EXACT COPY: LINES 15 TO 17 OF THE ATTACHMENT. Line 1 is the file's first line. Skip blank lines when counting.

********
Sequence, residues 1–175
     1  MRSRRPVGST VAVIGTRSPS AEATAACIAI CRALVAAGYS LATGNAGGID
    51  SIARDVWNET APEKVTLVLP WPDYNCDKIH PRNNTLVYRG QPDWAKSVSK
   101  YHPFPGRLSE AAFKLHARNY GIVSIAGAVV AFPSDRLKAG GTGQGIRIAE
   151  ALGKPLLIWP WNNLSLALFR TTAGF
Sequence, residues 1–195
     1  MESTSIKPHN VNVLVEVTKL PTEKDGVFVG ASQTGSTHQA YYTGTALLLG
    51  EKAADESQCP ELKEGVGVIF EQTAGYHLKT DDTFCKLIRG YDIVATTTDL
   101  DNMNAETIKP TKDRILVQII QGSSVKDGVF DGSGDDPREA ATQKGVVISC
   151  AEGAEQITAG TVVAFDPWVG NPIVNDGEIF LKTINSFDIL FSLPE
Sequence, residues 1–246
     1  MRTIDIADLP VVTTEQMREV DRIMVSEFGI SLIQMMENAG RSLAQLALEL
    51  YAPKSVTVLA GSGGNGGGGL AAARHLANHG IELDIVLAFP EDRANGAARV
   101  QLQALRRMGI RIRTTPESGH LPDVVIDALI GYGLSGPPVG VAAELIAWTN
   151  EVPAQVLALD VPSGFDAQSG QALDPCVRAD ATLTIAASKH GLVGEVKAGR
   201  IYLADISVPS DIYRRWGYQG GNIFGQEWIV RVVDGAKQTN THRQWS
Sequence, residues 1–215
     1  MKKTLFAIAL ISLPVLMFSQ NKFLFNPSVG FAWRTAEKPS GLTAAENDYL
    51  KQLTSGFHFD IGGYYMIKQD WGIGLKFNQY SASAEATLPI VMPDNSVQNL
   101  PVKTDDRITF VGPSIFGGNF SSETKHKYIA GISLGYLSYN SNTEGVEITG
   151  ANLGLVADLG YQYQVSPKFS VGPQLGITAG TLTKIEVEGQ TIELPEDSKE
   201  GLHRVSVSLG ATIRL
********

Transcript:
   151  EVPAQVLALD VPSGFDAQSG QALDPCVRAD ATLTIAASKH GLVGEVKAGR
   201  IYLADISVPS DIYRRWGYQG GNIFGQEWIV RVVDGAKQTN THRQWS
Sequence, residues 1–215